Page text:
Case Study Of H.B. Fuller and the Street Children of Central America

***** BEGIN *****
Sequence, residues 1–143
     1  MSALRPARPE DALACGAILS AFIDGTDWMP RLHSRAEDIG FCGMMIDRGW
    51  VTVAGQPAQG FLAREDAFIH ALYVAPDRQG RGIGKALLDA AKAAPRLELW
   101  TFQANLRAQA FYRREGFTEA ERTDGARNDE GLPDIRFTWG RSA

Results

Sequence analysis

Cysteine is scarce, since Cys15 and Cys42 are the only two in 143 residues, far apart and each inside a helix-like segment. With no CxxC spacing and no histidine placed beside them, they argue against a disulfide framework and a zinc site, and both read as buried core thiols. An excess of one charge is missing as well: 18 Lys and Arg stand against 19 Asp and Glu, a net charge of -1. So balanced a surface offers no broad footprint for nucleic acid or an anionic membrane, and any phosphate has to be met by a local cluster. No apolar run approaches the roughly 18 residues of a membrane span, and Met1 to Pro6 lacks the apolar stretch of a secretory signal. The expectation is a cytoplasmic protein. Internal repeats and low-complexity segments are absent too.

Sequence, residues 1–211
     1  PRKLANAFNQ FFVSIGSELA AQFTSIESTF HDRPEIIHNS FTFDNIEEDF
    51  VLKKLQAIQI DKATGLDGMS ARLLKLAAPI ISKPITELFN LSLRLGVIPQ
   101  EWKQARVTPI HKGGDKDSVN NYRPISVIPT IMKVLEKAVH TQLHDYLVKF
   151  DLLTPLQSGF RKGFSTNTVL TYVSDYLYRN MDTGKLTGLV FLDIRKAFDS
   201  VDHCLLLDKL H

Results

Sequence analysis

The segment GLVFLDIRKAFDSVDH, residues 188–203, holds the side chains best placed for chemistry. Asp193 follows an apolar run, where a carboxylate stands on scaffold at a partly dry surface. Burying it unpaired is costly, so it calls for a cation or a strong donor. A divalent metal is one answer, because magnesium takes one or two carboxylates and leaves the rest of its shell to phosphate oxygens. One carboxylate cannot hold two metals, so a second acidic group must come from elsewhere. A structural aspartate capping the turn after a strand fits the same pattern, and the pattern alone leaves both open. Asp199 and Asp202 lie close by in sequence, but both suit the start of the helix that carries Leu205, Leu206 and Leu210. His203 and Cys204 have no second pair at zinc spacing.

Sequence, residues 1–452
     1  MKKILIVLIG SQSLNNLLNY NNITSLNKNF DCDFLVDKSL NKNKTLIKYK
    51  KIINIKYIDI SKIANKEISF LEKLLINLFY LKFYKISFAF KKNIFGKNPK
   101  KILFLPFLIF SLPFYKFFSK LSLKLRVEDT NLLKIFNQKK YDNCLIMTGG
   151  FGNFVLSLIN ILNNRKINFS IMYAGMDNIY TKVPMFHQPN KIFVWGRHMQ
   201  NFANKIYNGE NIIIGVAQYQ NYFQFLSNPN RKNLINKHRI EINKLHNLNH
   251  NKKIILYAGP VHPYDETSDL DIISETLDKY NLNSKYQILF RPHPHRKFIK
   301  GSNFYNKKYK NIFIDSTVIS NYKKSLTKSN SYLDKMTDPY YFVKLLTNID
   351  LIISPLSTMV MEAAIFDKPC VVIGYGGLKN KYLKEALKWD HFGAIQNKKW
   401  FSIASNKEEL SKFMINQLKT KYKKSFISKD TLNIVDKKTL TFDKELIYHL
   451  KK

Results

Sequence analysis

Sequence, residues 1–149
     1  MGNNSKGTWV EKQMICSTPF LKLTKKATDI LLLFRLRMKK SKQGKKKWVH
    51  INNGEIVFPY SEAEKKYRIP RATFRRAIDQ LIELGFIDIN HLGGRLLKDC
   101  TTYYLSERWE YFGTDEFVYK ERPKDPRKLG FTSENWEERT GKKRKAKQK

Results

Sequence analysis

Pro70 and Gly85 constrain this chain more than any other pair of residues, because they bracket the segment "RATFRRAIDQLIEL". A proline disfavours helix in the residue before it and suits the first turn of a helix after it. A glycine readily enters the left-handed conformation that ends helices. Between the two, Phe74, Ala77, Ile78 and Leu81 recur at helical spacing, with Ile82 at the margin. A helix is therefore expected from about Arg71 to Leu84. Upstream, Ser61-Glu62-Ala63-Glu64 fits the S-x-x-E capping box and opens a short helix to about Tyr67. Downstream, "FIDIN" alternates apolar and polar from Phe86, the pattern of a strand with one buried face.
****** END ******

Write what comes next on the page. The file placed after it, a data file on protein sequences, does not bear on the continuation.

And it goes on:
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Ethics and Responsibilities go hand in hand. With businesses that develop products for the public, the decision making process is crucial. Before one can make a judgement for what is right and wrong, one must understand to a degree the consequences of those actions. Businesses have responsibilities for the product they manufacture and distribute, but how much responsibility is too much. In this perspective, we will examine the ethical implications of product manufacturing of Product Quality, Pricing, and Labeling and Packaging. With Product Quality, the responsibilities of a business are simple. Develop a low cost, high quality product that withstands the normal limitations of it’s use. Quality can be defined as doing the right thing, the right way, the first time, and every time. It is important that this is understood from both the consumer and the business perspective. In short, the product will meet customer expectations, priced appropriately, and delivers as advertised. Within the business, producing a product the right way is the most effective, efficient, lowest cost and most valuable way to produce quality results, the first, and every time. Furthermore, product quality implies that all standards are met, with minimal repercussions of poor quality, reducing the amount of rework and waste. As such, businesses who develop products of poor quality are either failing to do the right thing, or doing the right thing, the wrong way. In Case Study 6.3, H.B. Fullers products can be considered high quality, based on their status as a leading manufacturer of it’s products, and with it’s slew of awards and honors. Although child welfare advocates campaign for Fuller to revise their products by adding noxio... ... middle of paper ... ...Fuller to capitalize on it’s controversy and make use of human weaknesses to sell more of it’s product. From another view, an effective ethical solution can be to restrict the sale of it’s glue to people under the age of 18, or to sell it in larger packages, which would reduce sales to lower income people (children). The company can place limits on it’s advertising and exposure to young children, because we are aware that young children aren’t completely capable of making rational decisions, (I.E. to not get high off glue). Selling glue to a huffing addict is unethical, mostly because one addicted has no choice, but to buy glue. The addicted children do not make a rational decision to buy and misuse J.B. Fuller’s products, but the addiction itself, ensures the sale. Ethical pricing practices can help eliminate some of the buying potential of these children.

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